Once again, Sony got an edge on its rival’s after launching its new full frame mirrorless camera with monstrous 61 mega-pixels. The A7R IV full-frame mirrorless camera packs a 61-megapixel back-side illuminated sensor with 15 stops of dynamic range. The camera tends to deliver the highest resolution yet for a full-frame camera. So, you can capture images of up to 240 megapixels using pixel-shift mode. Conversely, should you not need or want to capture enormous RAW files; it delivers 26.2 megapixel photos in APS-C crop mode.

Besides that, the new sensor offers about a 19-megapixel increase over the A7R III. And with its but backside-illuminated design, Sony says it still offers good low-light sensitivity for $3,500.

Sony A7R IV

Firstly, coming to the technical aspects of the camera, other than the base resolution, a new 16-shot pixel shift mode can capture 960 megapixels that are processed down into a single 240MP image. On the other hand, the 4-shot pixel shift mode from the A7R III also returns, which doesn’t add any spatial resolution, but does capture full color information at every pixel location. But that problem is solved by the new Sony camera.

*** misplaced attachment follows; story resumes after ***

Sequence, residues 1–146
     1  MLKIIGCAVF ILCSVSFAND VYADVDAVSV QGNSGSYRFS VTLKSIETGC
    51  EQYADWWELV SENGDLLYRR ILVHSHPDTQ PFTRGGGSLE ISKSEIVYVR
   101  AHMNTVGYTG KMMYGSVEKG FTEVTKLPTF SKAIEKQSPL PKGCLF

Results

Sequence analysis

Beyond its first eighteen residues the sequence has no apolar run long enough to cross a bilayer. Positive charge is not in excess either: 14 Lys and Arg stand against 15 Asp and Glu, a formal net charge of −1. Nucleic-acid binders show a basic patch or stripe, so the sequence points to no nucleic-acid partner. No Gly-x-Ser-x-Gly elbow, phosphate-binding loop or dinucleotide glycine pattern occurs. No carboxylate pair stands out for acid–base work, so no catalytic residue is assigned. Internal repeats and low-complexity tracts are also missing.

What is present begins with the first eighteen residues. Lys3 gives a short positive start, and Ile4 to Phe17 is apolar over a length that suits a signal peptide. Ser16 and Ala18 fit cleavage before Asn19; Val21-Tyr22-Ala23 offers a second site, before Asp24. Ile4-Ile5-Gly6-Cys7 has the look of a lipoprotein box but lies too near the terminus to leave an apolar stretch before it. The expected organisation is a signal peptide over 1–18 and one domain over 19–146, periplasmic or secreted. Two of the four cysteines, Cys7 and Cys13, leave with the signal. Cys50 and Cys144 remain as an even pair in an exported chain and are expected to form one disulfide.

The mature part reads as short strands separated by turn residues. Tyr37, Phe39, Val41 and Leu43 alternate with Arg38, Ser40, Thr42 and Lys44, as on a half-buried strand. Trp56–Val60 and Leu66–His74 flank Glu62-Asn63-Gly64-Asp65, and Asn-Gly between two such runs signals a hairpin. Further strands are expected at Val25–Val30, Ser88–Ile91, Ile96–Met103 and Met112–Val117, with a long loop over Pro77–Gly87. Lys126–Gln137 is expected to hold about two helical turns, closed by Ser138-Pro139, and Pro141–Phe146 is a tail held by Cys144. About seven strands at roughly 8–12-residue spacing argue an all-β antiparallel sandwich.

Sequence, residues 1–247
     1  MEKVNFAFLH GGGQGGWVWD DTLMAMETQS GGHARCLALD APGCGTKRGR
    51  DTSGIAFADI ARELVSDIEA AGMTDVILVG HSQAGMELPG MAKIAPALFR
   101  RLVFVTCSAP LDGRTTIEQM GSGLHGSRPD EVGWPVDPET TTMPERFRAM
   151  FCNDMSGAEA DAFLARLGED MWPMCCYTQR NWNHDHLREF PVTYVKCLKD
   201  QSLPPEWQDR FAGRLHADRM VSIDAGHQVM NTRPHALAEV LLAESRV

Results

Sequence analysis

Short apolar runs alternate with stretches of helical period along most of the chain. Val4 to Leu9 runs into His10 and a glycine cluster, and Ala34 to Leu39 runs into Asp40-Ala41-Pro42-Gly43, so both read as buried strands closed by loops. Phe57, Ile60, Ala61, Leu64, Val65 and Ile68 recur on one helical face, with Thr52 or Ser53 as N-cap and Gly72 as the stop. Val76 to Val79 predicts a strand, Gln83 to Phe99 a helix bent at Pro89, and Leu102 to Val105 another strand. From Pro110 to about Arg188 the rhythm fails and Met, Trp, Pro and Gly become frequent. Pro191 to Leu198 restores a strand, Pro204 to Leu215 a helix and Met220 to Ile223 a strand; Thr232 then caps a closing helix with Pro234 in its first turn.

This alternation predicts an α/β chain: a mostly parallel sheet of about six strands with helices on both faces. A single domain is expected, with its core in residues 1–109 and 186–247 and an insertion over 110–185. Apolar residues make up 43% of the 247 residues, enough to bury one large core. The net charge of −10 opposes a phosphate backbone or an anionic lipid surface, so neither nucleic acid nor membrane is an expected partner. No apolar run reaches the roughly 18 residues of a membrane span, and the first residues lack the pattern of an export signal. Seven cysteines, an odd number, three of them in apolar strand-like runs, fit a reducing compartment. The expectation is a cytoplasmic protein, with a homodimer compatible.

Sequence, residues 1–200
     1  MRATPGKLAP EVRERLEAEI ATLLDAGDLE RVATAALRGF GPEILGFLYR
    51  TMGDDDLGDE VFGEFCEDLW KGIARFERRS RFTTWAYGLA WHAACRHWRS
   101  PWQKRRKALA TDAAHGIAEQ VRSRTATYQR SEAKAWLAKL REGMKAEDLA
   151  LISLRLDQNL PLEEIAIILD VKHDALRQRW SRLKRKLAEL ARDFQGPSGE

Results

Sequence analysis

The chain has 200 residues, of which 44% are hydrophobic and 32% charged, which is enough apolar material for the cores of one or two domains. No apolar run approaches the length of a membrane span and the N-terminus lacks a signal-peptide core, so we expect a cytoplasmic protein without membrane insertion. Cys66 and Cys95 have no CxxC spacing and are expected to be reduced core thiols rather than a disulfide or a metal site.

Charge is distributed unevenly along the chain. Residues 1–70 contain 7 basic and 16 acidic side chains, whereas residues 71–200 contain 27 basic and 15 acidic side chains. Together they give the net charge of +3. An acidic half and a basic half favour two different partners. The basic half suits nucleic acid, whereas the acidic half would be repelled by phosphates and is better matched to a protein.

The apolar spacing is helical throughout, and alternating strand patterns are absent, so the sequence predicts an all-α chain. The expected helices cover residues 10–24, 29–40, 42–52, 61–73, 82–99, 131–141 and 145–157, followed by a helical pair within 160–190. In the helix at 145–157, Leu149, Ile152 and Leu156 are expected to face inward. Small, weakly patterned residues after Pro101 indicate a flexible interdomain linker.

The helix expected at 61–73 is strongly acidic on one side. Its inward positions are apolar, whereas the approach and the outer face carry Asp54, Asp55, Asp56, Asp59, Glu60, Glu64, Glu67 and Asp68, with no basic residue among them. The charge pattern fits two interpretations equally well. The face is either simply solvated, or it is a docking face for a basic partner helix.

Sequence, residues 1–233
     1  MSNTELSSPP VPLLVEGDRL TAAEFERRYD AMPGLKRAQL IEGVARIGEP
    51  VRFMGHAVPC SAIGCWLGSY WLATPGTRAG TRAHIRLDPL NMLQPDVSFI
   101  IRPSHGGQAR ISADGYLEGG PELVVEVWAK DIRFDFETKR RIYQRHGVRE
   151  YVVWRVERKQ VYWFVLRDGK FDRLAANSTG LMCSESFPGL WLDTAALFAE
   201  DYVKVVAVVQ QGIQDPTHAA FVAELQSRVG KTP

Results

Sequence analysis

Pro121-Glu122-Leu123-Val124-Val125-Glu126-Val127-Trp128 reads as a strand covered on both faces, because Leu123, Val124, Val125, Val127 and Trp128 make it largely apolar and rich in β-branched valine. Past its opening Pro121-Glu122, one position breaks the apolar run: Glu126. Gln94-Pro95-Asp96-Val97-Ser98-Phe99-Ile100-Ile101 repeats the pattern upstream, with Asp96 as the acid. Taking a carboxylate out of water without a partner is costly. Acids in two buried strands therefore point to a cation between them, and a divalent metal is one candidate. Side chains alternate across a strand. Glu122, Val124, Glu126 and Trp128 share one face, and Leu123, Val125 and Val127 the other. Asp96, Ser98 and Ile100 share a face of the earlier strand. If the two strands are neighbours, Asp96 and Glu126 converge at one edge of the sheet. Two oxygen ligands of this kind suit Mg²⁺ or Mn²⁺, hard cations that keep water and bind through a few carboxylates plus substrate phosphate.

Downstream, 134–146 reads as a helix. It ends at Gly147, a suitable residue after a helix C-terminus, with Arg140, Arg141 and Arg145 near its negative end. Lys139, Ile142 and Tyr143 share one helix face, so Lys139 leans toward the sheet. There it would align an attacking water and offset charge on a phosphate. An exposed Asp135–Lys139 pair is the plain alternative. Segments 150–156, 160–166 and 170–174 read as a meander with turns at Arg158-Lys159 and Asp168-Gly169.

So, Sony has revamped virtually everything for the A7R IV. The body features improved weather sealing, a stronger lens mount, and a new, more ergonomic handgrip. The electronic viewfinder has been increased to 5.76-million pixels. Whereas,  the continuous shooting speed remains an impressive 10 frames per second, a speed it can hold for up to 7 seconds in both JPEG and RAW. For even longer bursts, an APS-C mode crops the image by 1.5x for extra zoom at a resolution of 26MP and can sustain continuous shooting for over 20 seconds.

It uses a new hybrid system with 567 phase-detection focus points covering 74% of the sensor, along with an additional 425 contrast-detection points. Phase detection is generally faster than contrast detection, as it can detect not only if something is out of focus, but in what direction and by how much. Sony says contrast detection is still required in some settings, however, such as low-light scenes.